By Ben Mitchell
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When I was small, there were lots of elephants.
They’d walk in rows with sequined showgirls
straddling ornate furniture on their backs –
a woman with purple feathers for a hat
strung up by her teeth on a silver wire,
miles in the sky and dangling like a shark.
Back then you could laugh at elephants
or women hanging up like trophies.
I could rip off my clothes in the vegetable section –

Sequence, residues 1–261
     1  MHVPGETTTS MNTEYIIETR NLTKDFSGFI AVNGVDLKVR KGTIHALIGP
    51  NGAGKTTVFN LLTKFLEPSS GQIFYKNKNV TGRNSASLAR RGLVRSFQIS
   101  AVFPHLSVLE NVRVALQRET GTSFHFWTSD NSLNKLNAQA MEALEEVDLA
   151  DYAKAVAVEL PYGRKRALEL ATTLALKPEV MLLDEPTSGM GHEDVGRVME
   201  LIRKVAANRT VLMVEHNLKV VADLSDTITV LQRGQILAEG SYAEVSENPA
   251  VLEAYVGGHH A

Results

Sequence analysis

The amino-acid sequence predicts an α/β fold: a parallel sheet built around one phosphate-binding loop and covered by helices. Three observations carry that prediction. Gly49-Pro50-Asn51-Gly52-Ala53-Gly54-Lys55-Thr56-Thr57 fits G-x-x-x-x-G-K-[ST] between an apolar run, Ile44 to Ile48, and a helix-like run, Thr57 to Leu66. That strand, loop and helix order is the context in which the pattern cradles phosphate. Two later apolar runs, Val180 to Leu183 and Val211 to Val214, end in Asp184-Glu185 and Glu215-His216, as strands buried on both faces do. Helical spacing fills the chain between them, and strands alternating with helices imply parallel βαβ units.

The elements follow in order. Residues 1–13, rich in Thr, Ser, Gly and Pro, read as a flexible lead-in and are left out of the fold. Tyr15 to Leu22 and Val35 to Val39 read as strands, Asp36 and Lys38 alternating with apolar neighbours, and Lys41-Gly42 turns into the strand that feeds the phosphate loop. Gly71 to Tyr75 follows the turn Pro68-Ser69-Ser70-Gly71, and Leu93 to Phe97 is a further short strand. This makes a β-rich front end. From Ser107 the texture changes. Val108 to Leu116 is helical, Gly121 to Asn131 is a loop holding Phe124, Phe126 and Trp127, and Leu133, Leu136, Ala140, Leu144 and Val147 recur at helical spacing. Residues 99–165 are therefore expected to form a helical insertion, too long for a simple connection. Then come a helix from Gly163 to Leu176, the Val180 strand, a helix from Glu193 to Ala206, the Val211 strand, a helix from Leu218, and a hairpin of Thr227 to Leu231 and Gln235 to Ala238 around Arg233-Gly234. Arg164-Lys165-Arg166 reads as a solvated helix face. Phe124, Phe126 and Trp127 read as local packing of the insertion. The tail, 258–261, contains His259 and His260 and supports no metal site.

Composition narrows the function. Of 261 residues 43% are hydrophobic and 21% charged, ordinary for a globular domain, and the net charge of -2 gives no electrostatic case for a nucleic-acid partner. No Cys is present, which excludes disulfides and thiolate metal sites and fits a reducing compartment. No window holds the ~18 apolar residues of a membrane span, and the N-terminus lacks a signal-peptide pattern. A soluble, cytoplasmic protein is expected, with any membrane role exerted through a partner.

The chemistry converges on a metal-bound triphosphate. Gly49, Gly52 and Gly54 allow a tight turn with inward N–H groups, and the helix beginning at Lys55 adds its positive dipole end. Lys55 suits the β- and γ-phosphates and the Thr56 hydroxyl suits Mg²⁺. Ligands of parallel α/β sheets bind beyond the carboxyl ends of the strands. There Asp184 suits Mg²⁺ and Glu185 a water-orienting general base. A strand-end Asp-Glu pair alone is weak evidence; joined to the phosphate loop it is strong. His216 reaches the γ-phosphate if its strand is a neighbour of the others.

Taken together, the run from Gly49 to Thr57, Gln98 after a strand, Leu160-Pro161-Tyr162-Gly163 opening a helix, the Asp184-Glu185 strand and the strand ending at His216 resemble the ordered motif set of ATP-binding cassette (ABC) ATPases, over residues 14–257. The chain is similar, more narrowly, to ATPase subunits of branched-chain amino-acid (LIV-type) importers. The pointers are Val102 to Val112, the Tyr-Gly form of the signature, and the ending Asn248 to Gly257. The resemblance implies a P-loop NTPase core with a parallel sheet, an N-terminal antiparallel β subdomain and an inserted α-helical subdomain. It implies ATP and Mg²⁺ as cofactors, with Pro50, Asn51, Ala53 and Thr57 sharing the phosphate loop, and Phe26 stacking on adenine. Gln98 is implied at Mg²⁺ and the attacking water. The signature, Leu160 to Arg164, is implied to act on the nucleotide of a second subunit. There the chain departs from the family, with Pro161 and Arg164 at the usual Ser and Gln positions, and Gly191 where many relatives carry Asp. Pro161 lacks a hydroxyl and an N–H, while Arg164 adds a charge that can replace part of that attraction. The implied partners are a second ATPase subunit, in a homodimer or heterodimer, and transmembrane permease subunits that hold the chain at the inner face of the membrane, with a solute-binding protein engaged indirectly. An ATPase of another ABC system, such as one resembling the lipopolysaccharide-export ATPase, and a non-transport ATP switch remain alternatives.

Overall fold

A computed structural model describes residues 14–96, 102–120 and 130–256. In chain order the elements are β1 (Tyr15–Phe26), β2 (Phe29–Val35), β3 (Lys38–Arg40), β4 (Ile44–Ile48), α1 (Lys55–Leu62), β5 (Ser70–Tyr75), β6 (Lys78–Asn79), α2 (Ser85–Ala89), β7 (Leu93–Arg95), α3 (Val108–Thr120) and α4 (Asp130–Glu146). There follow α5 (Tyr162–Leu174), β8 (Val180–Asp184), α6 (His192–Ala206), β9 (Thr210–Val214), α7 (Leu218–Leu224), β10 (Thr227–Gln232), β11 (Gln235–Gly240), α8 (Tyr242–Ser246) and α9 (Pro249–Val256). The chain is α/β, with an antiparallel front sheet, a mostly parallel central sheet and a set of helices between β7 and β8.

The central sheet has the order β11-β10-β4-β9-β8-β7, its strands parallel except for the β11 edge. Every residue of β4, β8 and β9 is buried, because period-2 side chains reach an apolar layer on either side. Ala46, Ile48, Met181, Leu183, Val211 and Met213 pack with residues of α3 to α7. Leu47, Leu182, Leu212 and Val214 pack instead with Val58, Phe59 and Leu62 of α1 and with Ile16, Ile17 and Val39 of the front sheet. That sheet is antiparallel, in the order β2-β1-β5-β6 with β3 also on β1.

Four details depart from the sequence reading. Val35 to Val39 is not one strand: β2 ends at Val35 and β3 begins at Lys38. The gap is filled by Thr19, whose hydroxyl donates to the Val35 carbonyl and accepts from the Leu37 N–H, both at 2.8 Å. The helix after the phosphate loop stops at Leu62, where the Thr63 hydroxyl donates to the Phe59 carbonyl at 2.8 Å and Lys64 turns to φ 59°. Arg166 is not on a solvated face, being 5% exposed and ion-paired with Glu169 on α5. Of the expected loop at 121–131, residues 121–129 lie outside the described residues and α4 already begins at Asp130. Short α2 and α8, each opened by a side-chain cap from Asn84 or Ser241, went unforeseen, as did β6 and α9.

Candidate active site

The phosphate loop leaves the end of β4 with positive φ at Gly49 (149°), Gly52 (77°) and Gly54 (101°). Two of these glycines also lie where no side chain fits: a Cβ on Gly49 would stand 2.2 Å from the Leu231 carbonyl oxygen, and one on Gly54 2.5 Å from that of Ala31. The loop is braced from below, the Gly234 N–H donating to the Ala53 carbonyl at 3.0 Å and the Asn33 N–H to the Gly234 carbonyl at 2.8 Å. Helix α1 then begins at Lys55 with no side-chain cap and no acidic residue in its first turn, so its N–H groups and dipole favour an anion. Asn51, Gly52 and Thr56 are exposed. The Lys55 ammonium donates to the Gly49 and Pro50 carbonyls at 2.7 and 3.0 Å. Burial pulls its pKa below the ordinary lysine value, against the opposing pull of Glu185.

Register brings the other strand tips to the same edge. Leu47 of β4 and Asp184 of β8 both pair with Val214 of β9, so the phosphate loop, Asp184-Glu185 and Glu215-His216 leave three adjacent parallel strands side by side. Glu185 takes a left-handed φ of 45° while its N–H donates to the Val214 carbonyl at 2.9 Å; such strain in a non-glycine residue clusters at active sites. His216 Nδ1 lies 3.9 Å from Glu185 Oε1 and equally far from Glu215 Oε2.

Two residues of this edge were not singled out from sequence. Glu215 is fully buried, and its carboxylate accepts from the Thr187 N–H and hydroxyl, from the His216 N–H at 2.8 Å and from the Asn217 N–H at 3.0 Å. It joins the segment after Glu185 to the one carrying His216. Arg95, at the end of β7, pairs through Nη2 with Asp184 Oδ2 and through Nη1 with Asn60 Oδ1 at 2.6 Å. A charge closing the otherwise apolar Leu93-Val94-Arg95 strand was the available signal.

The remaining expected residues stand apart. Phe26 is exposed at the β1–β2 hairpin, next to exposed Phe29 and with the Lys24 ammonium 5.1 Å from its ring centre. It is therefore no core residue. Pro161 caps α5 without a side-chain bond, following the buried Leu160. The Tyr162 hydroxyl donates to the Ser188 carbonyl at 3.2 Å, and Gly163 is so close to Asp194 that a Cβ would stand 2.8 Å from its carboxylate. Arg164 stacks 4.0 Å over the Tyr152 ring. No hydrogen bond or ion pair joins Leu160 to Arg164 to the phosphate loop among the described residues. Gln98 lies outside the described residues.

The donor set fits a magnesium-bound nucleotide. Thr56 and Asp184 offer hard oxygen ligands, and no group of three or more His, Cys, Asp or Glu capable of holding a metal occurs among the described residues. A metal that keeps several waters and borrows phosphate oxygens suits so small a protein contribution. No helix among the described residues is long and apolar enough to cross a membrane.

take a shit right in my pants. What changed
in the years to come was an ever-diminishing
circle of what was acceptable – like a noose.
Some days I walk into the office and as soon as my mouth
drops open, a purple accordion
leaps from my lips and honks wildly around the room.
So I leap into action, club it to death with a chair.
Or when you’re wearing a tie and a big yellow giraffe
sticks its nobbly head from your left breast pocket.
It bobs with polka dots on its long neck, staring
blankly into the face of Doctor-Someone-Or-Other;
its humid nostrils fogging the good doctor’s glasses.
What if eels or leopard geckos burst from his eyes
arranged themselves in rows to dance the can-can,
on the parade ground at your feet.